A group of Baptist pastors and leaders writing as “moral theologians” has issued a Christmastime letter challenging Wal-Mart to become a “Golden Rule” company.
An initial 132 church leaders signed the Dec. 14 letter to Wal-Mart CEO Lee Scott. The <Baptist Center for Ethics spearheaded a similar letter last year, signed by 13 moderate Baptist leaders.
This year’s letter expressed concern about Wal-Mart corporate practices that conflict with “pro-family values” like justice and responsibility.
“We believe that Wal-Mart has been given and entrusted with much wealth, power and influence,” the Baptist leaders wrote. “We believe that much is required of and demanded from Wal-Mart in terms of its responsibility to working families. That responsibility necessitates that Wal-Mart treat well its employees with such things as:
–Fair-living wages, not poverty-level wages.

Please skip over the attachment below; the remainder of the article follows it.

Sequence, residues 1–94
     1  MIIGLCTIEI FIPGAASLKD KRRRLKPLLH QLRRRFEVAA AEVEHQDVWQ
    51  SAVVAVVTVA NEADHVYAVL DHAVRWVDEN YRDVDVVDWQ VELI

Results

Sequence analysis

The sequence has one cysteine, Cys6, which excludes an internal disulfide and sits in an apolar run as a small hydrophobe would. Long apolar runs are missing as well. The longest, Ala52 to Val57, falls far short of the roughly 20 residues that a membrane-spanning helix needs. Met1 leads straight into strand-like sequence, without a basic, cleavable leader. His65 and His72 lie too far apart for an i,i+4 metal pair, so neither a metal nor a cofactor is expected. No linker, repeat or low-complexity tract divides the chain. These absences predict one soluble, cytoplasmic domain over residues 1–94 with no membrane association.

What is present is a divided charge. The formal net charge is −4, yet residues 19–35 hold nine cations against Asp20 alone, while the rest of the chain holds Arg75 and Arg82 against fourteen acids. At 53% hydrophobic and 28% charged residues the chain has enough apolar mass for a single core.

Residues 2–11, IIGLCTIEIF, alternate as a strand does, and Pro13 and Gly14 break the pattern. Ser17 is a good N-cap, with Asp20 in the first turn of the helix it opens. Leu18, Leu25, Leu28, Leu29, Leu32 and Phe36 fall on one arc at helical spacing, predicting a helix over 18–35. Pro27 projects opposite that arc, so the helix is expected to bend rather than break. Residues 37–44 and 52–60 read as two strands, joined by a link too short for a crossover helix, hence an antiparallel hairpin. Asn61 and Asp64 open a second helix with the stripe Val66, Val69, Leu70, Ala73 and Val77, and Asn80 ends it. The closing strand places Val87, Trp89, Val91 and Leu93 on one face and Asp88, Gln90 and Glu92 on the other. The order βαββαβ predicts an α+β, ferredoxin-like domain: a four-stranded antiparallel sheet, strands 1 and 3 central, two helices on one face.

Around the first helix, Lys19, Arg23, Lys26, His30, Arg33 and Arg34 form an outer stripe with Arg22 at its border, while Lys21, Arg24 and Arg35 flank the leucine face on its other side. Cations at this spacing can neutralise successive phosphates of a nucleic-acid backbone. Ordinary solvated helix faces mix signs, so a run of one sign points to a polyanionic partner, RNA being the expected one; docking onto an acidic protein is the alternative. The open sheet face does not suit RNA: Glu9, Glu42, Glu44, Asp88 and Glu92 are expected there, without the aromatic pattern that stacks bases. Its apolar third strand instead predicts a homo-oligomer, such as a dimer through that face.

–Generous health care benefits, not eliminating low-deductible health care plans.
–Decent places to work that treat women with dignity and equality.
–Respectful schedules for children in school.
–Good benefits for sound retirements.
“A company with the wealth of Wal-Mart has the responsibility to advance the common good for a better society, not seek only personal gain,” the letter continued. “Wal-Mart’s leaders need to recognize their moral obligations to be good stewards of what the corporation has been given and entrusted, not simply through acts of charity but with justice for working-family employees who have built but not necessarily benefited from Wal-Mart’s vast earnings.”
The letter observes that Christmas celebrates the birth of the Messiah who gave the “moral imperative of the Golden Rule,” which “encourages Christian consumers to consider where they shop and that guides corporate practices.”
“We challenge you this Christmas to make Wal-Mart a Golden Rule company, one that is mindful in reflecting the best of Christian values and one that seeks a higher standard for its employees and their families,” the letter concluded.
The letter was drafted by Robert Parham, executive director of the BaptistCenter for Ethics in Nashville, Tenn. Signers are predominantly Baptist pastors and church staff, professors and agency heads, but there are 10 Lutherans and one Episcopalian as well.
Other signatures will be added in coming days to the letter.
Bob Allen is managing editor of EthicsDaily.com.